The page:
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David Cusimano shares how he worked through the stages of hearing and actually doing a key piece of advice for business owners.
If you’re like most business owners who often search for opportunities and business advice at odd hours of the night, you’ve probably come across the advice that you should spend more time “working on your business, not in your business.”
Hearing this advice, accepting it and actually living it are three distinct stages.
I hope my story of working through these stages can assist others in their quests to create scalable businesses they will one day be able to sell and, in turn, create a legacy for their families.
Within a few months of starting my first business (a flight training business), I was regularly working six to seven days per week and often ten to twelve hours per day.
Success was within reach, and like most young entrepreneurs, I thought if I could just squeeze another few hours into a week, I would obtain it. I fell into the E-Myth trap, as described in Michael Gerber’s book by the same name.
Fortunately, I had a client who had successfully navigated the same entrepreneurial journey I was embarking on. He was one of my flight students who had started his business from scratch and had grown it to over 50 locations in several states.
I’ll never forget our conversation spurred by my usual small business owner complaints. He asked, “David, do you want to be a flight instructor or do you want to grow a business?”
Puzzled as to why these would be mutually exclusive I answered, “I want to grow a business.”
“Stop flying airplanes and work every day to ensure you’re offering compelling value to the community in a way your competitors will have trouble duplicating. Take a week off and make sure your model is profitable and scalable before wasting any more time.”
“You’re crazy. I can’t take a week off. I’ll lose customers. You don’t understand.” I was telling the successful millionaire entrepreneur he was the one who didn’t understand!
He didn’t give up and beat this message into me for months.
Finally, after several months, I realized he was right. There weren’t any more hours in the day for me to work. While I had been flying airplanes every day in a business that had grown only slightly, my competitors (some of whom weren’t even pilots) had been busy growing businesses that were surpassing mine.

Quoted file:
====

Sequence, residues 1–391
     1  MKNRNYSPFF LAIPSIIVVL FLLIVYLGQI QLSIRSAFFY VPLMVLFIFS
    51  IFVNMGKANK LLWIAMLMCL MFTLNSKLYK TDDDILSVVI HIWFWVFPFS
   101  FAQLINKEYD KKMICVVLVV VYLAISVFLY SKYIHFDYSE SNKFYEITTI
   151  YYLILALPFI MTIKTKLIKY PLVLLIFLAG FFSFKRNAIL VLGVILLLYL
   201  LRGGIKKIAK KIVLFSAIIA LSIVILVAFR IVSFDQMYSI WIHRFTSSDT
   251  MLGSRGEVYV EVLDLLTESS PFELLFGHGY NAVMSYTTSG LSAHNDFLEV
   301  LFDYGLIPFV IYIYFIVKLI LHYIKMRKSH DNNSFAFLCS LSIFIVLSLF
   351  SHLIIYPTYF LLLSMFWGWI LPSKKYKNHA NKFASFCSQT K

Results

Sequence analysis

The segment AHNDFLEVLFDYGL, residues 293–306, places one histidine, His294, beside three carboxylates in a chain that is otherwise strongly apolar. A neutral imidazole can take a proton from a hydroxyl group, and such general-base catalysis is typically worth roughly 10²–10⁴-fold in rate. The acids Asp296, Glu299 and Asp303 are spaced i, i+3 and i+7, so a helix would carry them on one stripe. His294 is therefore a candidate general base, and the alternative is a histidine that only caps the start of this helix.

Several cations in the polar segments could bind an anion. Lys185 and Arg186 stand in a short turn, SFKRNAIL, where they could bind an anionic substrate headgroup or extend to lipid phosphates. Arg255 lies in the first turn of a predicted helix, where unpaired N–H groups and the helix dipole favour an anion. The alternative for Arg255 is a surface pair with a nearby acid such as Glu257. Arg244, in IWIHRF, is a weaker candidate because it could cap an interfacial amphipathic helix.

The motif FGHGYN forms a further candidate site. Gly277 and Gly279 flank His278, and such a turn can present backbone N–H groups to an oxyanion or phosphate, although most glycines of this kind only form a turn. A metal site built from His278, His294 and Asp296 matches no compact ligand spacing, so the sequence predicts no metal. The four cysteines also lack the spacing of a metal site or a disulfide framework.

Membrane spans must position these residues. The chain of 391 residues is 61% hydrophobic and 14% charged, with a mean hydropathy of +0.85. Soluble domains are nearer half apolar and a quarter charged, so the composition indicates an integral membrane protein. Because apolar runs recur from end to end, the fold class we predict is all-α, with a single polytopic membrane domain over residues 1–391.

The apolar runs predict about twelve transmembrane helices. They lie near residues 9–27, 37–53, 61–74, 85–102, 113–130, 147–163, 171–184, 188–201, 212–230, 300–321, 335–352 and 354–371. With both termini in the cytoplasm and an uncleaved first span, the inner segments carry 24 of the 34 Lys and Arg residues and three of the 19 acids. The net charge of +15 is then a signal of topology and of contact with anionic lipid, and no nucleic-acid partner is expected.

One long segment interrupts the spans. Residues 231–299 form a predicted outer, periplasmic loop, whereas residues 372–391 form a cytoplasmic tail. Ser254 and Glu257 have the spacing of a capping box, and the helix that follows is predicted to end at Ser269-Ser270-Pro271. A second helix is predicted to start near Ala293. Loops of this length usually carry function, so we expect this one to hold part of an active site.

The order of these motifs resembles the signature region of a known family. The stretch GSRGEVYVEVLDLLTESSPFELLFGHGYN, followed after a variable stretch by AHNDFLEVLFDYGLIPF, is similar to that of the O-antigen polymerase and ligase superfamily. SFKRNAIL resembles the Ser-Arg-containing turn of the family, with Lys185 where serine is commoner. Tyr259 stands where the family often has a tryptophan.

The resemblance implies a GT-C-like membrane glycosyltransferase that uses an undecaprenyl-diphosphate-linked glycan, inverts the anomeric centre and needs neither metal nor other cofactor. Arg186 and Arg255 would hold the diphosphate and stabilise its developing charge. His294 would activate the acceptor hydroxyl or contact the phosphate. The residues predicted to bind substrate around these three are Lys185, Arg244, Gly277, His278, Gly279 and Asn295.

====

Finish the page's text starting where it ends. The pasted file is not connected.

Even this epiphany didn’t drive me to immediate action. Entrusting all frontline client interactions to employees was terrifying to me.
But I finally did it. One momentous day I felt I was playing Russian roulette and removed myself from our list of active flight instructors.
It was the single most transformative day of my career. While our revenue and my personal income did take a hit for a few months, I quickly adjusted to my new, more valuable role and our business began an upward trajectory.
Several years later I reflect back on that experience. Creating a growing business is different than being a professional in a particular field. Both are equally noble career paths, but the daily work of each is drastically different.
Frustration arises if we attempt to continue the normal tasks of working in our field while we fool ourselves into thinking we are growing a business that will create value that lives beyond us. While industry knowledge and expertise are certainly valuable in excelling in a particular industry, unless we spend our days finding unique ways to organize our resources into a scalable platform for delivering compelling value for our customers, we’ve created a job-with-no-boss-and-a-few-employees for ourselves in our chosen field, not an independently valuable business.
Even those who have created organizations generating several tens of millions of dollars can have trouble selling for a desired price if they haven’t realized which path they are actually on. There is nothing wrong with this. Successful doctors, lawyers, plumbers and electricians do it all the time. They have rewarding careers and build nice retirements. But we must recognize that this is a different path from one on which we work “on our business” and create scalable value beyond ourselves that we will be able to realize upon an eventual exit from our business.
David Cusimano has spent years working with small and middle-market private companies in capacities ranging from entrepreneur to an investment banker and mergers and acquisitions (M&A) advisor. His business advisory firm, Emerge Dynamics, is on a mission to improve the lives of business owners and their employees by increasing the market value and wealth transfer-ability of the private middle market around the world.
This post was originally published on the EO Global Octane Blog.